One thing gardeners in North Georgia are familiar with is the lack of a level, sunny spot in the yard. With hills and tall trees, the average yard has only one or two spots with good sun, and that’s where you want to put a swing set or play ball with the kids.
You’d better find that sweet spot fast, because right now, as you’re reading this, it’s time to plant tomatoes. Everyone says don’t plan before tax day, in case of a late frost. But I always risk it. It takes 50 to 90 days for plants to start producing tomatoes, so if you wait too long, it will be almost fall before you start picking them.
There are a few good roadside places around Southern Cherokee County to find homegrown tomatoes. I’ve probably tried most of them. But there’s nothing quite like growing your own. There is simply no comparison between homegrown tomatoes and those beautiful, yet tasteless, tomatoes you find in the grocery store. Even if you don’t have room in your yard, a large patio pot can hold a good sized plant.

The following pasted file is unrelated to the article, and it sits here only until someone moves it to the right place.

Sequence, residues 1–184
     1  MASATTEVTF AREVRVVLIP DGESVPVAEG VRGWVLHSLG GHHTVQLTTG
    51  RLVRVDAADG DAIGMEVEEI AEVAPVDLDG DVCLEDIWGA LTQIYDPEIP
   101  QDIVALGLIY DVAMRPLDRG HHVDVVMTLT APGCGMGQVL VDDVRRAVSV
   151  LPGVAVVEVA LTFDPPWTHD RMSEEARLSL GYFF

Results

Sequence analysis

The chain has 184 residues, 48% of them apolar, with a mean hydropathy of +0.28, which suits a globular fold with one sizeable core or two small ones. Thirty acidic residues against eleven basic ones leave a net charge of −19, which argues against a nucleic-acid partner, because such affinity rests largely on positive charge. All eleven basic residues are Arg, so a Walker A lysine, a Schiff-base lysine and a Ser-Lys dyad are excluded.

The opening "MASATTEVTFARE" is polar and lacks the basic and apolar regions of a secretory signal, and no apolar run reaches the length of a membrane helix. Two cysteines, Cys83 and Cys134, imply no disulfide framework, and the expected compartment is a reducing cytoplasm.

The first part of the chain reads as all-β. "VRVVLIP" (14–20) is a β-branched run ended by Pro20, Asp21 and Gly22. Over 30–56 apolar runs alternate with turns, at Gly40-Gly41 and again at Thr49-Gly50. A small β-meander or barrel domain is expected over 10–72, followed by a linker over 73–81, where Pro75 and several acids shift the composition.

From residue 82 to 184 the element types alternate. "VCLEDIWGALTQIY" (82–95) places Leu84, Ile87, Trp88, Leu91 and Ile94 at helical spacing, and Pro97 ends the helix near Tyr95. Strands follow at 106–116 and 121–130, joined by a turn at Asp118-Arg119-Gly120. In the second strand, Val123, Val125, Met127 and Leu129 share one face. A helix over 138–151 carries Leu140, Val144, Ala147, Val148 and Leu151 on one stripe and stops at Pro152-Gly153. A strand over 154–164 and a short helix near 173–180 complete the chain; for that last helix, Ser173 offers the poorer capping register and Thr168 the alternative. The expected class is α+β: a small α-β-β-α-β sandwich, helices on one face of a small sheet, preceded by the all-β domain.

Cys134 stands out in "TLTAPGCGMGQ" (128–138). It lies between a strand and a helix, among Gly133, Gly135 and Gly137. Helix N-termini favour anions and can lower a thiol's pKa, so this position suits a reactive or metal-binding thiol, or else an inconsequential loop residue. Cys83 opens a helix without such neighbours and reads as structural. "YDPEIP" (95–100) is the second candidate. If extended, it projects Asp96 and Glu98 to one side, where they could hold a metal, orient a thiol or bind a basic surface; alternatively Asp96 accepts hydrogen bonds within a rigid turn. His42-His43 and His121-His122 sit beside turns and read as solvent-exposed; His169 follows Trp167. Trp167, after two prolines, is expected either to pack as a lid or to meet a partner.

My wife has the green thumb in our family. She starts tomato plants from seeds in our basement under grow lights. She has a variety of heirlooms scavenged from various sources. Once we had tomato plants more than 12 feet tall, and tomatoes that nearly covered a plate. I can tell you the secret, if you want … if you promise not to spread this around. The secret is to plant them deep, including several inches of the stem. The roots will actually sprout right out of the stem and make them grow stronger and faster. Also, place several pulverized eggshells in each planting hole to prevent blossom end rot.
We’ve grown several types in the past. Some people like the meaty, fleshy beefsteak variety such as Big Boy. But an obscure variety is the German Queen, which has low acidity. It’s fun to try at least one oddball tomato plant every year, because they come in so many strange and wonderful shapes, sizes and colors.
My kids always loved the cherry and grape tomatoes. They would take a break from playing to pick a few right off the bush and pop them in their mouths.
In the fall, before the frost comes and kills them all, we pick the remaining green tomatoes, which can be several dozen, and have a big fried green tomato party. Invite some relatives over, cut them thick, and use our family’s secret recipe for frying them up (flour, bread crumbs, egg, salt, pepper). Whoops, I gave it away.
As Lewis Grizzard once said, “It’s difficult to think anything but pleasant thoughts while eating a homegrown tomato.”
By Matt Neal, contributing writer, email@example.com
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